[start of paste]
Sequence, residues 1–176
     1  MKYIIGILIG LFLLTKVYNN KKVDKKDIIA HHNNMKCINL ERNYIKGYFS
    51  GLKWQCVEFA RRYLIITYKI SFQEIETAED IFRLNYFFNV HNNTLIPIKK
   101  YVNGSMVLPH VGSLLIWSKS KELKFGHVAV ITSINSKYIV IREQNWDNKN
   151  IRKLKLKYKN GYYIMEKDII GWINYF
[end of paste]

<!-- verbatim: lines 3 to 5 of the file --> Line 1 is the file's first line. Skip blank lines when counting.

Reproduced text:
    51  GLKWQCVEFA RRYLIITYKI SFQEIETAED IFRLNYFFNV HNNTLIPIKK
   101  YVNGSMVLPH VGSLLIWSKS KELKFGHVAV ITSINSKYIV IREQNWDNKN
   151  IRKLKLKYKN GYYIMEKDII GWINYF